Angelo Bertolazzi, Ilaria Giannetti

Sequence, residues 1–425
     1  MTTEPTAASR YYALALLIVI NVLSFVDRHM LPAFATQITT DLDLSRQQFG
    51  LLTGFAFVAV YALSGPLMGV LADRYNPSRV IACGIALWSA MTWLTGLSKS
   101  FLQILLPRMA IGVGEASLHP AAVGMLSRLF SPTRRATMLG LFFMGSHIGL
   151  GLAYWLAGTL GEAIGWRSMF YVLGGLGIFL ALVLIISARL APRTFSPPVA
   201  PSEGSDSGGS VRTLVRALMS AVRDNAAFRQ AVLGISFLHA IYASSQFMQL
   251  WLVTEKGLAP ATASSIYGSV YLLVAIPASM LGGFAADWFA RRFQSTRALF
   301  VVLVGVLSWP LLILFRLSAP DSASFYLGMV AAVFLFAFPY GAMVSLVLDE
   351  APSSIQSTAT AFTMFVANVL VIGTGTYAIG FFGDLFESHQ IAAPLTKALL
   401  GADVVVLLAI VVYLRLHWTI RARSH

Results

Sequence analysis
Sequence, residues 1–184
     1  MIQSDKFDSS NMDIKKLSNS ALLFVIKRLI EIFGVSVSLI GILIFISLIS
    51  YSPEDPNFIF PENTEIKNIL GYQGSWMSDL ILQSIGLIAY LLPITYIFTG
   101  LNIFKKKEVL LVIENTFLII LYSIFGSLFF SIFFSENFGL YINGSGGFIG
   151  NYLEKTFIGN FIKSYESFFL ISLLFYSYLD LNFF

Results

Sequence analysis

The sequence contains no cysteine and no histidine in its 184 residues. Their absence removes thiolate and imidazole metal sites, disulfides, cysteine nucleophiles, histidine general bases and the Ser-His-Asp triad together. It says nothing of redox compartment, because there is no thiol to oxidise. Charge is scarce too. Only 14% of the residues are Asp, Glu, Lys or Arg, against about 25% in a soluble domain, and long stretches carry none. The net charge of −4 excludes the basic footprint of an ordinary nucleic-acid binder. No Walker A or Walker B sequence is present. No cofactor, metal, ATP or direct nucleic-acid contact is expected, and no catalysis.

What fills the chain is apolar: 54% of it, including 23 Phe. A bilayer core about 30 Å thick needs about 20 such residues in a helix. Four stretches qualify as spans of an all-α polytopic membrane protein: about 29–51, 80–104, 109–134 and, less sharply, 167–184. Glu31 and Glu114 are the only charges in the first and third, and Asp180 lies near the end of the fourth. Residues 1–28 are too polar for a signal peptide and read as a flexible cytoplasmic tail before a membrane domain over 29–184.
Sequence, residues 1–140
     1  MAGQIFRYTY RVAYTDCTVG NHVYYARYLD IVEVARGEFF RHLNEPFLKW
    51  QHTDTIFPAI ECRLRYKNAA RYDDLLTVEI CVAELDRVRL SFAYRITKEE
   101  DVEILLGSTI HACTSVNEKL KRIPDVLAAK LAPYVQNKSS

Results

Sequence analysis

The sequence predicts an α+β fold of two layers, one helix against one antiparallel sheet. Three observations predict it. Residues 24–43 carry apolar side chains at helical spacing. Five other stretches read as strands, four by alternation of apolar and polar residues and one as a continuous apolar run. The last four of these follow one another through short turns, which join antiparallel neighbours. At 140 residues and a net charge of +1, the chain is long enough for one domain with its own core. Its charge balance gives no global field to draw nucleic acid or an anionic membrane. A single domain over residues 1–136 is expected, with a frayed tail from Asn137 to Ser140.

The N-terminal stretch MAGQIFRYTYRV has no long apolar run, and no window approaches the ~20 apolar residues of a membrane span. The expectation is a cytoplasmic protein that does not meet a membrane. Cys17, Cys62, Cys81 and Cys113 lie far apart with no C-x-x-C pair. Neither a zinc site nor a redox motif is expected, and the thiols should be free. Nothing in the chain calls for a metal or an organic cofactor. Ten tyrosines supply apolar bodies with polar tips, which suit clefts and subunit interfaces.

In Italy, between 1945 and 1949, the urgency of reconstruction and the example of European and North American experiences brought the industrialization of the construction sector to the center of the political and sectorial debate. The American way of drymounted construction with timber and metallic systems is counterpointed by the transalpine way, based on the industrialization of mixed masonry-reinforced concrete construction, which naturally adapts to the economic and productive context of the national building sector. This second way leads to fervent experimentation, which focuses on industrialized building solutions for the reconstruction of essential buildings, in a short time and with limited cost. On the 17th October 1945, the Commissioner of Triennale di Milano, Piero Bottoni, announced the realization of the experimental district QT8, a “living exhibition of modern architecture (and technique)”. This plan involved a pilot lot of industrialized houses. In continuity with foreign experiences, the pilot lot was aimed at testing and comparing the most innovative systems patented in Italy.

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